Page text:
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ERJ Open Res ; 6(4)2020 Oct.
Article in English | MEDLINE | ID: covidwho-975866

ABSTRACT

Severe acute respiratory syndrome-coronavirus-2 (SARS-CoV-2) gains entry into the lung epithelial cells by binding to the surface protein angiotensin-converting enzyme 2. Severe SARS-CoV-2 infection, also known as coronavirus disease 2019 (COVID-19), can lead to death due to acute respiratory distress syndrome mediated by inflammatory immune cells and cytokines. In this review, we discuss the molecular and biochemical bases of the interaction between SARS-CoV-2 and human cells, and in doing so we highlight knowledge gaps currently precluding development of new effective therapies. In particular, discovery of novel treatment targets in COVID-19 will start from understanding pathologic changes based on a large number of autopsy lung tissue samples. Pathogenetic roles of potential molecular targets identified in human lung tissues must be validated in established animal models. Overall, this stepwise approach will enable appropriate selection of candidate therapeutic modalities targeting SARS-CoV2 and the host inflammatory response.

2.
Sci Adv ; 6(33): eabb7238, 2020 08.
Article in English | MEDLINE | ID: covidwho-733188

ABSTRACT

Cigarette smoking, the leading cause of chronic obstructive pulmonary disease (COPD), has been implicated as a risk factor for severe disease in patients infected with the severe acute respiratory syndrome coronavirus 2 (SARS-CoV-2). Here we show that mice with lung epithelial cell-specific loss of function of Miz1, which we identified as a negative regulator of nuclear factor κB (NF-κB) signaling, spontaneously develop progressive age-related changes resembling COPD. Furthermore, loss of Miz1 up-regulates the expression of Ace2, the receptor for SARS-CoV-2. Concomitant partial loss of NF-κB/RelA prevented the development of COPD-like phenotype in Miz1-deficient mice. Miz1 protein levels are reduced in the lungs from patients with COPD, and in the lungs of mice exposed to chronic cigarette smoke. Our data suggest that Miz1 down-regulation-induced sustained activation of NF-κB-dependent inflammation in the lung epithelium is sufficient to induce progressive lung and airway destruction that recapitulates features of COPD, with implications for COVID-19.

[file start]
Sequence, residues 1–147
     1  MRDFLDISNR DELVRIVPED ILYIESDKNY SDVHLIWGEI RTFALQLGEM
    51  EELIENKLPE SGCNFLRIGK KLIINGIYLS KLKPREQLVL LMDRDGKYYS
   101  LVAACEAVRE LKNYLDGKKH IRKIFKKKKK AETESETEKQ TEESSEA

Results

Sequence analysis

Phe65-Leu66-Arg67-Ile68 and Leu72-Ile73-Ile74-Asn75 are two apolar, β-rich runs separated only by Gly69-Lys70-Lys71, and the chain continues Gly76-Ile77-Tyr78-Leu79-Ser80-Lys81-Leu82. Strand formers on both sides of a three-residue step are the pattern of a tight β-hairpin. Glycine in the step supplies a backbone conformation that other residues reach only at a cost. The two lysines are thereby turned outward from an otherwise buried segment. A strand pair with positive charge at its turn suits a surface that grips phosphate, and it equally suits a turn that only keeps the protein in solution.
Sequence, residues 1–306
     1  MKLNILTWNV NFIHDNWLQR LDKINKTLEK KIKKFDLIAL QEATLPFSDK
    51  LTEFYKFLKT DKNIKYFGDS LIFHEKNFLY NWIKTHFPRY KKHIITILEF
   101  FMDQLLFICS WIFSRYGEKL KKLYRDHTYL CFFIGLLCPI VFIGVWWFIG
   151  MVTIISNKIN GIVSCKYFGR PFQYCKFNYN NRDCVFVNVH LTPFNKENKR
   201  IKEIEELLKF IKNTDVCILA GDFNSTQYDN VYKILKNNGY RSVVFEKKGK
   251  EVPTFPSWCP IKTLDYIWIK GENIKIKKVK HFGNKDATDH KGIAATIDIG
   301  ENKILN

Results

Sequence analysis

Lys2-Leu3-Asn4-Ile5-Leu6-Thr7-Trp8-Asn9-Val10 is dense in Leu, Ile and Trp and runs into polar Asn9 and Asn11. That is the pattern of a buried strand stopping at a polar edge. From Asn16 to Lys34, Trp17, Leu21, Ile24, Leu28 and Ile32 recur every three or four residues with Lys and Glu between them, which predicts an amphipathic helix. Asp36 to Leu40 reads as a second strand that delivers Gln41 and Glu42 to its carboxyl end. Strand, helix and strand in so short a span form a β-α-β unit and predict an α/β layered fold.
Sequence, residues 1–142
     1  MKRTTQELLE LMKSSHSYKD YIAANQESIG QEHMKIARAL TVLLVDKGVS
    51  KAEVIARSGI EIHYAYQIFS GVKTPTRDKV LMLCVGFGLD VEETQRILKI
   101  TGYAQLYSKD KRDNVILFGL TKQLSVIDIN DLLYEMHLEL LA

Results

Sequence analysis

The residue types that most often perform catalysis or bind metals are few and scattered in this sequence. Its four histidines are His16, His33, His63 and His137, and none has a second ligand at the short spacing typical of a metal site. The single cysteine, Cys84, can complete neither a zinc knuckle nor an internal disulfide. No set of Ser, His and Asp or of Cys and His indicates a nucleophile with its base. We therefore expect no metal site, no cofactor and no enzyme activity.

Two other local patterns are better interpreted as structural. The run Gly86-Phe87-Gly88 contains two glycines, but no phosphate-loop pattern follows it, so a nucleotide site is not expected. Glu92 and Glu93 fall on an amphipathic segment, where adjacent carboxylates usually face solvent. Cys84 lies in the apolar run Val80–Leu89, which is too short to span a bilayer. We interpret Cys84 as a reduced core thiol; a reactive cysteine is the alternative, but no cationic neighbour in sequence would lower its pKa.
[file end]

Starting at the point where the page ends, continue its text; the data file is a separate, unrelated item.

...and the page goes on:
Subject(s)
Epithelial Cells/metabolism , Kruppel-Like Transcription Factors/metabolism , Lung/metabolism , Peptidyl-Dipeptidase A/metabolism , Phenotype , Protein Inhibitors of Activated STAT/genetics , Pulmonary Disease, Chronic Obstructive/genetics , Ubiquitin-Protein Ligases/genetics , Up-Regulation/genetics , Angiotensin-Converting Enzyme 2 , Animals , Betacoronavirus , COVID-19 , Coronavirus Infections/metabolism , Coronavirus Infections/virology , Gene Knockout Techniques , Humans , Mice , Mice, Inbred C57BL , Mice, Knockout , Pandemics , Pneumonia, Viral/metabolism , Pneumonia, Viral/virology , Protein Inhibitors of Activated STAT/metabolism , Pulmonary Disease, Chronic Obstructive/etiology , Pulmonary Disease, Chronic Obstructive/metabolism , SARS-CoV-2 , Signal Transduction/genetics , Smoking/adverse effects , Transcription Factor RelA/metabolism , Ubiquitin-Protein Ligases/metabolism
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